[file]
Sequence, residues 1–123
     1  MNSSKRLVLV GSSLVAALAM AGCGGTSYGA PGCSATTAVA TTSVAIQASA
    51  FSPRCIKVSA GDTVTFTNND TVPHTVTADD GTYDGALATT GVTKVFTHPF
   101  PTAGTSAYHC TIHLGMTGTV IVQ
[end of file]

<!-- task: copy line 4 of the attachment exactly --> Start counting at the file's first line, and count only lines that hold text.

   101  PTAGTSAYHC TIHLGMTGTV IVQ